While in hindsight, there were some bad decisions with EPIC, I think the larger issue is the timing of the architecture. That said, I’m not sure there was a good launch time as if you launch too early, nobody knows how to program for it. You launch too late and they are already shifting the parallel code to GPUs. Also, there was the 64 bit push to consider. Perhaps the architecture did have its best shot when people were demanding a new (64 bit) architecture anyways.

          • snowMAN
          • 3 years ago

          Itanium wasn’t ever awesome, the whole premise on which the architecture is based is deeply flawed, which is why performance sucks in most use cases.

        • srg86
        • 3 years ago

        And Intel managed to make the same VLIW needing “magical compiler tricks” mistake twice.

        First with i860 and then with IA-64.

        • Krogoth
        • 3 years ago

        IA64 was being drafted back when 486 was new and P5 in the a prototype stages while Intel was still drafting up P6. They didn’t expect the x86 ISA would endure so long.

    • chuckula
    • 3 years ago

    Many many many moons ago I actually was an Itanium user (albeit indirectly) since SGI required you to purchase Itanium based metadata controller nodes for their CXFS filesystem.

    I never actually used the Itanium nodes directly, but CXFS was pretty robust for its time, although there are far better options available nowadays.

      • nanoflower
      • 3 years ago

      Never worked with CXFS but XFS was a great file system for its time. Many great ideas were implemented in that filesystem that have now spread into others. That was from the days when SGI was a great company with big ideas.

        • chuckula
        • 3 years ago

        XFS is still alive (and actually pretty well maintained and updated) in Linux to this day.

          • atari030
          • 3 years ago

          As it’s the default filesystem, supplanting the EXT* series for RHEL7 (and some other distros), I’d sure say so, yep!

    • tipoo
    • 3 years ago

    Is Itanium as a revenue source still single handedly bigger than AMDs entire cashflow? Or has that strange fact ebbed away by now?

      • chuckula
      • 3 years ago

      That’s over although it was true for a while.

    • chuckula
    • 3 years ago

    RyZen has claimed its first victim.

    Your so-called “Skylake” Xeons are next Intel! Just you wait!

      • Anonymous Coward
      • 3 years ago

      No no… Intel launched these in response.

        • chuckula
        • 3 years ago

        Obligatory: You’re so vain. You probably think this launch is about you.

          • Anonymous Coward
          • 3 years ago

          I’m still working on understanding the situations where that meme can be applied. Also the situations where it [i<]must[/i<] be applied.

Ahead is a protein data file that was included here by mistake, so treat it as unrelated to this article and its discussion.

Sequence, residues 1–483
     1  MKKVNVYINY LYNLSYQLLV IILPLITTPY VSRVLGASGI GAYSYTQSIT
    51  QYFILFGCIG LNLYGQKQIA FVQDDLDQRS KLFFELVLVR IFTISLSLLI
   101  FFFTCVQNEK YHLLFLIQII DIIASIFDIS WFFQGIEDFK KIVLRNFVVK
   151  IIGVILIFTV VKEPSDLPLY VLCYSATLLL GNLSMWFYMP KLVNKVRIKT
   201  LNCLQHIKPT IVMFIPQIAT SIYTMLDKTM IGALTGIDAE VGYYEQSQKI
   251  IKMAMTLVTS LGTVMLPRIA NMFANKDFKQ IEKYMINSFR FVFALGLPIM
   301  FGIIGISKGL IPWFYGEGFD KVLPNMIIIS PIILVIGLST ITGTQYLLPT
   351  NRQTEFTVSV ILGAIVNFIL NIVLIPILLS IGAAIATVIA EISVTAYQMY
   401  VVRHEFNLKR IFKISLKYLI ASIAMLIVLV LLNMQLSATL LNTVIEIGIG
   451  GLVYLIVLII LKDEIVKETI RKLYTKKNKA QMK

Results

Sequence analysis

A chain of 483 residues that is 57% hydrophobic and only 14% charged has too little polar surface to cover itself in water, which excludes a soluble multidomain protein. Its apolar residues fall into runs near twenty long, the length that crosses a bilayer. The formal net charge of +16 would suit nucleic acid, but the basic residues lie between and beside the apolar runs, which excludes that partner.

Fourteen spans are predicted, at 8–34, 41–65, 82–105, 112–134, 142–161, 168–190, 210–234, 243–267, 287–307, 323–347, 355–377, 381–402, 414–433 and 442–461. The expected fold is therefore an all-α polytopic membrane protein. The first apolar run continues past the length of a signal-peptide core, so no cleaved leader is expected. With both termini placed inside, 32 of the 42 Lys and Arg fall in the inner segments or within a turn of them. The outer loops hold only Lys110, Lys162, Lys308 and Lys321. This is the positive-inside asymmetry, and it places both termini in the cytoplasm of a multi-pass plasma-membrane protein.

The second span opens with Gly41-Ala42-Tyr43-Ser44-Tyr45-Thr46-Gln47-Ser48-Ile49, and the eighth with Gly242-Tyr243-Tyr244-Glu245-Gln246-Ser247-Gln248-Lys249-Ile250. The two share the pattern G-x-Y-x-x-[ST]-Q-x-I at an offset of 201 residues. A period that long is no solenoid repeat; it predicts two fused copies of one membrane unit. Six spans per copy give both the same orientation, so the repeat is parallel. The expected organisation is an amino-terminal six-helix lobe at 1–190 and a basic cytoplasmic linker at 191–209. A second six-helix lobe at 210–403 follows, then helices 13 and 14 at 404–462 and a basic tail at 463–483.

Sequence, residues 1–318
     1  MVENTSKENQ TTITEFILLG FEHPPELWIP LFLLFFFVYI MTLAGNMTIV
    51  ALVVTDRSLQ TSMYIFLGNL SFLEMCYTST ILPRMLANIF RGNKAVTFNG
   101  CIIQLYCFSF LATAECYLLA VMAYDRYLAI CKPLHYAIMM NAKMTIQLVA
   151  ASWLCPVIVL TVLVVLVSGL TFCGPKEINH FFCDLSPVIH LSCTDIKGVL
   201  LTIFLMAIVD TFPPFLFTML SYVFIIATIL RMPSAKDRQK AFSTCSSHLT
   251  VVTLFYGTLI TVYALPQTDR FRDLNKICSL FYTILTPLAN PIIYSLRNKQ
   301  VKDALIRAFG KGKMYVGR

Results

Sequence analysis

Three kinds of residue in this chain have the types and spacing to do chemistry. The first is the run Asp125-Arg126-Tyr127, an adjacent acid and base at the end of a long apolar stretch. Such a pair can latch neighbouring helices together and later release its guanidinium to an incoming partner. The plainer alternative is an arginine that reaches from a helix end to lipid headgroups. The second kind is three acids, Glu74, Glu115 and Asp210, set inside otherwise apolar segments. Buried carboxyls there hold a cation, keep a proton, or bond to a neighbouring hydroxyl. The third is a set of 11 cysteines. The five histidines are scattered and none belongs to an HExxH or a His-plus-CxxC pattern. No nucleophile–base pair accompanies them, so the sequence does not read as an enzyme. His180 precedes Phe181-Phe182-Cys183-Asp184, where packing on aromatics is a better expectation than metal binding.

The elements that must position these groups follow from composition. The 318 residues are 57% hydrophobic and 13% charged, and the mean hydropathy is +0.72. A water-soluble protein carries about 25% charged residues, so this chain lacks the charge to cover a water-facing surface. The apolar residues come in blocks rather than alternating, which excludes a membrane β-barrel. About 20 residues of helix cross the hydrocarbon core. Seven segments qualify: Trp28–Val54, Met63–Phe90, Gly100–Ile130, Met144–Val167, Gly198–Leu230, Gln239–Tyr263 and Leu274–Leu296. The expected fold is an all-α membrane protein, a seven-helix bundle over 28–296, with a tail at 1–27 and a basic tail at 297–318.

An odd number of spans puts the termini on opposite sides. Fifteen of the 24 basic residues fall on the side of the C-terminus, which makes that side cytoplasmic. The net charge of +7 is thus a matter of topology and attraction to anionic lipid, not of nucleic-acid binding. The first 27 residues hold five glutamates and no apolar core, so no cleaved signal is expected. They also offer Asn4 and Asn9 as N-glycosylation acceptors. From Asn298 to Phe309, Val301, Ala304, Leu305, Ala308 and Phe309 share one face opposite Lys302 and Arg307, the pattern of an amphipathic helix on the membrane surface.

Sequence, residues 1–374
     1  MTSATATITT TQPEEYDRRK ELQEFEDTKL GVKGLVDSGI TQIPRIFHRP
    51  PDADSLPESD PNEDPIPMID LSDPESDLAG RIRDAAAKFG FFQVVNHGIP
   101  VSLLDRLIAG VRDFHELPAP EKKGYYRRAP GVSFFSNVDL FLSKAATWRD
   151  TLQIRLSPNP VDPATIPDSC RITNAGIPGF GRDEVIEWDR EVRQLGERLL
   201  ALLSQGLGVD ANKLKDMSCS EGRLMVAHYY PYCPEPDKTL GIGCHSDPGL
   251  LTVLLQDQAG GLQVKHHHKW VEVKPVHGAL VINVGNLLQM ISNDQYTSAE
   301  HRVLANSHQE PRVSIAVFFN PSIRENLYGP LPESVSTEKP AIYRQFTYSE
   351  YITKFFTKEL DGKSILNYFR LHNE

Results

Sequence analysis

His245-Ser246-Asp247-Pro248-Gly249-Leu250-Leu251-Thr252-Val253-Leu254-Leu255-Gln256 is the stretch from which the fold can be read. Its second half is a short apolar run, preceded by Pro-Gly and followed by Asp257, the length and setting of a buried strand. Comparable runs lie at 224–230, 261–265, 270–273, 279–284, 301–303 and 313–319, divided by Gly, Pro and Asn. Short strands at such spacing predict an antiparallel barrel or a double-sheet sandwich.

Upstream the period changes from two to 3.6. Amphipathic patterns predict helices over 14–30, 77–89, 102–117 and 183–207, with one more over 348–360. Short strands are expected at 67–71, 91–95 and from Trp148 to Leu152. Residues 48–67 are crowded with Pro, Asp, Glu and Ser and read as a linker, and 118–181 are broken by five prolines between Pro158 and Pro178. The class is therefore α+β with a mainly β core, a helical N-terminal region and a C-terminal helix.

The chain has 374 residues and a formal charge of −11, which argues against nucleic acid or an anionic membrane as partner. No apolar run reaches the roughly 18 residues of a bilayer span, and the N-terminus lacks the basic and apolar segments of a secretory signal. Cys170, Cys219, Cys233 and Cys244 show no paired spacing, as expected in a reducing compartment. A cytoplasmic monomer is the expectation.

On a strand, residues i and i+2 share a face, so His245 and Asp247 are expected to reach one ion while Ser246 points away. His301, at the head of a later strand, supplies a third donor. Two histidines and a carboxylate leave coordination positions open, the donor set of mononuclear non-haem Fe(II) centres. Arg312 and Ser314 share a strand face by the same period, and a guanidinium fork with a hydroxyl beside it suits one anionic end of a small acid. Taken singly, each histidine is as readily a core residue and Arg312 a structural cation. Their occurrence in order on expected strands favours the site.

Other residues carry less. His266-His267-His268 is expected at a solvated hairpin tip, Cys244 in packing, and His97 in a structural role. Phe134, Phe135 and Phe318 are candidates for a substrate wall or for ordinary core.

• raddude9
      • 3 years ago

      Why do you cr@p on AMD at every possible opportunity?

        • chuckula
        • 3 years ago

        Why do you have such a problem with AMD that you get upset when I agree with their marketing department that their 32 core parts will easily destroy those crappy Xeons?

        You DO realize that AMD is launching 16 core Naples megatasking parts at the end of the month that will destroy all Intel parts right? I mean, we know for a fact that 22 Naples cores are 2X faster than 22 Broadfail cores, so the 16 Core Naples parts — which are of course only going to cost $599 or so — will easily be 45% faster than Skylake. Oh and that’s BEFORE you overclock them!

        Why do you have such little faith in AMD? Didn’t you read TR’s review guide and upthumb Bensam123? WHY DO YOU HATE AMD SO MUCH!

          • raddude9
          • 3 years ago

          AMD have not announced a 16-core Ryzen, and although I sometimes read leaks and speculation I rarely bother to comment about unreleased products.

          I find your thinly veiled sarcasm curious though. Now, I know you have avoided this question at every turn, sometimes skillfully deflecting the conversation and sometimes bluntly ignoring it…

          What is your interest in Intel?

            • cygnus1
            • 3 years ago

            Ryzen =/= Naples.
            Ryzen(zen)
            Naples(zen)

            AMD has talked about Naples (aka new Opteron) with up to 32 cores I believe.

            • raddude9
            • 3 years ago

            current Ryzen =/= Naples =/= 16-core Zen based CPU

            Chuckula was deflecting the question about his Intel interests by commenting about the speculated 16-core Zen based CPU (This chip may be “Ryzen” branded or it may not). The speculation/leaks seem to indicate that this chip will be something in-between an 8-core Ryzen and a 32-core Naples, with quad-channel memory and two 8-core dies in an MCM.

            • cygnus1
            • 3 years ago

            I wouldn’t be surprised if there end up being 16 core Naples model released. The 32 core just being the highest count version of many models. Might even be like Xeons where the lower core count models get the higher frequencies.

        • raddude9
        • 3 years ago
      • Kretschmer
      • 3 years ago

      Ryzen and Itanium do not compete. I’d imagine that Itanium is only refreshed due to contractual obligations to IA64 customers, at this point.

      • cygnus1
      • 3 years ago

      I don’t think these guys replying to you get the joke… good troll 😉

      • tipoo
      • 3 years ago

      You’re so vain you probably think Itanium is about you!